Apple reports higher Q3 sales but lower profit

US$200 million earned in the third quarterPALO ALTO, CALIFORNIA, 21 July 2000 (MaxisNet) - Apple Computer Inc has reported higher third-quarter sales and operating earnings, but said its net income declined because of higher investment gains a year earlier.

US$200 million earned in the third quarter

PALO ALTO, CALIFORNIA, 21 July 2000 (MaxisNet) - Apple Computer Inc has reported higher third-quarter sales and operating earnings, but said its net income declined because of higher investment gains a year earlier.

The company also said that despite overall growth in units sold, sales of its iMac computer were "a bit" below expectations, but said this appeared to be due to the consumers waiting for a newer version of the computer, rather than to any industry-wide softness.

"I don't think we have any evidence that it is an industry-wide slowdown," Apple Chief Financial officer told analysts in a conference call.

Apple said it earned US$200 million or 55 cents per share in the third quarter, compared with US$203 million or 60 cents per share in the same period last year.

Operating income excluding investment gains in the year-ago period had been 35 cents per share.

Earnings in the latest period include a gain of US$37 million or 10 cents per share, from the company's sale of shares of ARM Holdings Inc. Excluding that gain, operating income was 45 cents per share, narrowly surpassing the the consensus forecast among analysts, of 44 cents per share.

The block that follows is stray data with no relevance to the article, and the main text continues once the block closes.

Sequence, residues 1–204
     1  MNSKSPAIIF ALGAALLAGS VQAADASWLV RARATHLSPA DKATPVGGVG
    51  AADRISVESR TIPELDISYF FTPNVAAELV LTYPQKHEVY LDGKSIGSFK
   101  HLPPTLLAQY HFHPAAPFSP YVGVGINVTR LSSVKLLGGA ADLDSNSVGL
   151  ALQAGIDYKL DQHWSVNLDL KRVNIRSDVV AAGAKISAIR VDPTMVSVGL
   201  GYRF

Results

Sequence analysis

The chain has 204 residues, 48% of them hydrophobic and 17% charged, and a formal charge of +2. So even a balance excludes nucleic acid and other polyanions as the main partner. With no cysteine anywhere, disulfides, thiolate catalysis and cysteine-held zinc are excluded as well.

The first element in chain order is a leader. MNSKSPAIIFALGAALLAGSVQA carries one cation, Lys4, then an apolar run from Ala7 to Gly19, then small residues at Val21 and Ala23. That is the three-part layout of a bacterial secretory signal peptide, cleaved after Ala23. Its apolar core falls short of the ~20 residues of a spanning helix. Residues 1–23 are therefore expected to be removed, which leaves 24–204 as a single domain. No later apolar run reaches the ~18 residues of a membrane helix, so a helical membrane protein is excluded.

The company said sales rose 17 percent to US$1.83 billion.

Chief Financial Officer Fred Anderson said in an interview that the growth was driven by strong performance of Apple's core products, particularly its PowerBook computer, although sales of its iMac computer were "relatively flat."

In discussing the disappointing iMac sales, Anderson told analysts, "We believe the anticipation of a refresh was the primary factor (behind the weaker than expected sales)." In addition, the company's iMac sales were skewed toward the cheaper US$999 models favoured by budget-minded schools.

Still, analysts generally found the results to be very much in line with forecasts, and noted the somewhat disappointing revenues were offset by surprisingly strong gross margins, reflecting robust sales of its high-marging PowerMac.

Anderson also said the company is targeting revenue growth in 2001 of 20 percent and an earnings per share growth rate of 15 percent.

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